And how did you know that you had to do that with you lights to get it right.

groundlevel: Only a light that casts shadows would be blocked. As long as an objects face is pointing toward a (shadowless) light it is lit regardless of any objects in front of it.

Okey I see now. That makes sense.

but how do I know what lights to use and were to use them. Does it have to do with colors or object placement? last question I promise

The difference seems to be the shape of the beam.
lamp - like a freestanding lightbulb (without a base), shines all over.
spot - like a stage light (shadows!), shines a cone.
area, sun, hemi - if I’m right, these cast a beam that seems to eminate from many directions… that’s a big IF.

What is the difference between the sun, area and hemi?

A Sun generates a directional light with parallel rays across the entirety of the scene. The light it produces is even.

The Hemi is basically hemi-spherical. You can control the primary direction of the light but the light is multi-directional (not omni-directional though - the light beams shine inwards toward a central point). Light energy is more concentrated towards the lamp centre. It is good for imitating the ambient light cast by the sky.

The Area light is as the name suggests - an area of light. It is directional and acts like a group of lights spread slightly apart but pointing in the same direction. Think of fluorescent office lights as a real-world example of area lighting.

The Lamp is omni-directional. It provides a point-source for light that emanates in all directions.

The Spot works just like a stage spotlight. The light is directional and conical with an adjustable beam diameter. Unlike all other lights, it can generate cast shadows without using ray-tracing.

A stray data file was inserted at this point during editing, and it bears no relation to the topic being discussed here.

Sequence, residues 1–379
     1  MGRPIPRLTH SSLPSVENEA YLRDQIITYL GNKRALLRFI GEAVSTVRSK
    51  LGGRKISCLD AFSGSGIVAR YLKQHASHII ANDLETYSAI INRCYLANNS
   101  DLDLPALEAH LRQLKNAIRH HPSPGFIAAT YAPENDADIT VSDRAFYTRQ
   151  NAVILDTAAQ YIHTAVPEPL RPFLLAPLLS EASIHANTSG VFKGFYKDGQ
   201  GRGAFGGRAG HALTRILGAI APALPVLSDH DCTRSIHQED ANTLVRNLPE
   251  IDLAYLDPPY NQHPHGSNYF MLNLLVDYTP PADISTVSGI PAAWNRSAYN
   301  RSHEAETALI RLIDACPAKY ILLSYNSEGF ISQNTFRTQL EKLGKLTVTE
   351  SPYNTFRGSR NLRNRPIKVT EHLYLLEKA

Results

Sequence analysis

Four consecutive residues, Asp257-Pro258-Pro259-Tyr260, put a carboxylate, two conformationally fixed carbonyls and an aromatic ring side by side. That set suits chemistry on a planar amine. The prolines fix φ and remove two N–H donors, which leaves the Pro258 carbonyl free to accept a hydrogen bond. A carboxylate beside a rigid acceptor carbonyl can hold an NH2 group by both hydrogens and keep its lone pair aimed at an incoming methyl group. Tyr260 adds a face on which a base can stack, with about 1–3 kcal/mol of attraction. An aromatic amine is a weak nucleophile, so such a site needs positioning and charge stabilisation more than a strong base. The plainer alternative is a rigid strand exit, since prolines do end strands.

The BSoD has an introduction to lighting. Unfortunately the exercises it offers use ray-tracing which is not necessarily a good thing for animating on the average home computer. Even Pixar upgraded their Renderman software to use ray-tracing for the first time for the recent movie “Cars”. Previously they used tricks as suggested earlier to create believable lighting results mimicking bounce, fill, ambient occlusion, etc. Pixar have slightly more render power than the average Blender user (and of course, slightly more complex scenes to render).

To use Blender lights effectively you must also understand the various shadow, diffuse and specular options at the very least.

I discovered this little gem earlier tonight. Enjoy.

Iden, glad you feel like you’re making progress. I know I’ve had difficulty with lighting.
if there are some specific scenes you’re trying to light, why don’t you post the picture and/or blend here?

short tutorial

Area lights are new, they are basically similar to spot lights - a LOT of them, to make soft shadows and broad even lighting, like a window (without direct sun), reflected light or a sky light. So they are slow.
Sun lights are sort of similar in concept, but like the sun - wide enough to cover everything with parallel beams of light, anywhere in the scene, no shadows.
Hemisphere lights are kind of like area lights, a cheap global illumination (think of a sky bowl light), but again, no shadows.
A sun + hemi gives reasonable outdoor scene, without the shadows.

long references and explains the above in detail,